VIRGINIA BEACH, Va. (WAVY) – If you have plans to hit the beach Monday, be aware of a rip current threat.
Red flags are flying at the Virginia Beach Oceanfront, North End, Sandbridge Beach and Croatan beaches and at all beaches in North Carolina’s Outer Banks because of rough waters.
WAVY Meteorologist Jeremy Wheeler said high pressure in the region is bringing persistent northeast winds, which will create a high threat for rip currents at area beaches over the next couple of days. It will also produce some nuisance flooding during high tide.
The National Weather Service says area beaches could see wave heights from four to six feet.
Rachel Hibberd, who works at the Virginia Beach Fishing Center and a boat rental company, said the rough conditions have been bad for business.
“What’s not going out: we have jet skis, we have the banana boats, we have the para-sailing, we have the dolphin tour boats, we have the fishing charters, and then we have the private charters as well. Anything that looks fun is not happening right now,” Hibberd said.
She said she has had to break the news to eager visitors.
“They come up ready to go on a jet ski or ready to go para-sailing, and to see their face change is really sad sometimes, but we have to explain to them that you’re not going to have fun if you go out right now because it is way too rough,” Hibberd said. “We’re going to want you to save your money and not pay to get sick or anything like that.”
According to employees at Rudee Inlet Jet Ski and Parasail, the strong surf is costing them at least $10,000 a day.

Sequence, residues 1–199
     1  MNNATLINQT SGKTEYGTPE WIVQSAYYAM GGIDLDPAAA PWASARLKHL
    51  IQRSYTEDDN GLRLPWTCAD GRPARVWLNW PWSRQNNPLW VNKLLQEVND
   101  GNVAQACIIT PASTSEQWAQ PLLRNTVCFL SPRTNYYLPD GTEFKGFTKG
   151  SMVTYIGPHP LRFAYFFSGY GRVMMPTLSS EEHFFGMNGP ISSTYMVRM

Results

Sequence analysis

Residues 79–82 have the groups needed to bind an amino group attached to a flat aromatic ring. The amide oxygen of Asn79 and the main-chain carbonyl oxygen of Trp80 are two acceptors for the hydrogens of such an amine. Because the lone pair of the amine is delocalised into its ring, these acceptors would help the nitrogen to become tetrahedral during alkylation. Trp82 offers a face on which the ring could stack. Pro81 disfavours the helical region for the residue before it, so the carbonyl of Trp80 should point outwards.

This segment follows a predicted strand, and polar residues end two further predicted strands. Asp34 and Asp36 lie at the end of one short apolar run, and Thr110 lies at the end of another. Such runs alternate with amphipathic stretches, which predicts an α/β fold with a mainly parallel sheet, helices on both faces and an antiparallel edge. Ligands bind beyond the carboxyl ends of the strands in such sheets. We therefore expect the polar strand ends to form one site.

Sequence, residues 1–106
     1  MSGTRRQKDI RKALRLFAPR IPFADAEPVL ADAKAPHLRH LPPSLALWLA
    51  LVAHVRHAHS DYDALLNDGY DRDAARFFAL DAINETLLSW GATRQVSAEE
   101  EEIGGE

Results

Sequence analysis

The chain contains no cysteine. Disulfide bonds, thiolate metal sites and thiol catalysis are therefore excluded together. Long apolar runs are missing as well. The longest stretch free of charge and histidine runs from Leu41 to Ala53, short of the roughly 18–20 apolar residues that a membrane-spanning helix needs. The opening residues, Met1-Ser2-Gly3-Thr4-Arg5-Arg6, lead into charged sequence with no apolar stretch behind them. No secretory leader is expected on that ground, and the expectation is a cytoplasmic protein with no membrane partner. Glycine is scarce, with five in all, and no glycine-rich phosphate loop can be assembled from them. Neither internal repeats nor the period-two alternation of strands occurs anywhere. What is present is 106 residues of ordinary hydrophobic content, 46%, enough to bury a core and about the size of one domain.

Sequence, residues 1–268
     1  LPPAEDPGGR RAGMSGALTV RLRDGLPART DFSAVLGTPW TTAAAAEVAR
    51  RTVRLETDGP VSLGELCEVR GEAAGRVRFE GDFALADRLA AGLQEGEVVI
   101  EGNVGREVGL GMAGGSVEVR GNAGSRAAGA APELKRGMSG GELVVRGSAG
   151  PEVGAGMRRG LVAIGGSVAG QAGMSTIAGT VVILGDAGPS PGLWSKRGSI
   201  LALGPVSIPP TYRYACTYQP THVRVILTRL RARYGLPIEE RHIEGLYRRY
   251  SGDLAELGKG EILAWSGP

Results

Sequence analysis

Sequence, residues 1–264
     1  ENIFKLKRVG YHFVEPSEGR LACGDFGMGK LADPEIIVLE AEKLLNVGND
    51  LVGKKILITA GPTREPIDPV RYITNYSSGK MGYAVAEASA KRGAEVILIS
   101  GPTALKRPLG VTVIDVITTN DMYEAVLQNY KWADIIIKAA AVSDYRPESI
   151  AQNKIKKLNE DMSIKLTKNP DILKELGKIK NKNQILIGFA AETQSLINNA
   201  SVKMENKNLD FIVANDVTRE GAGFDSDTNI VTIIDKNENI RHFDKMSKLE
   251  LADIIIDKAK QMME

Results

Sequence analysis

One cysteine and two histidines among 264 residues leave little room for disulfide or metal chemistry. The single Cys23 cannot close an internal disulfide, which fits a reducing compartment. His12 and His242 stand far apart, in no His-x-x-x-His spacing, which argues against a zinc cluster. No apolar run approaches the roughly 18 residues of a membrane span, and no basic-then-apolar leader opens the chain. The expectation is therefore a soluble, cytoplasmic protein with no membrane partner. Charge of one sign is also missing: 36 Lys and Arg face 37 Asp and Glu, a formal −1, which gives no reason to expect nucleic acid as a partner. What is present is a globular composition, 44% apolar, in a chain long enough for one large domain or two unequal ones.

“As far as the weather is concerned, it’s been horrible. It seems like it’s kind of hurt us the most as far as the storms and the wind. It hasn’t been uncommon for us to cancel trips this summer because of the wind, whereas, past summers, it’s usually been beautiful and sunny,” Hibberd said.
David Dierstein of Virginia Beach Lifesaving Service said lifeguards are asking people to refrain from going in the water beyond their knees or waist.
“Guards are very proactive. They have ATVs and trucks patrolling back and forth to make sure that everybody is staying safe and that there’s no incidents that are going to occur. The rip currents are very dangerous right now and it’s kind of hard to see them,” Dierstein said. “On a normal day, it’d be very easy to point one out, but there’s so much water that’s being pumped in right now that once you get out of the inside break here, the water drops off to about two to eight feet deep and the currents will really pull you out.”
Dierstein said he plans to monitor conditions, but expects the red flags will be necessary for most of the week.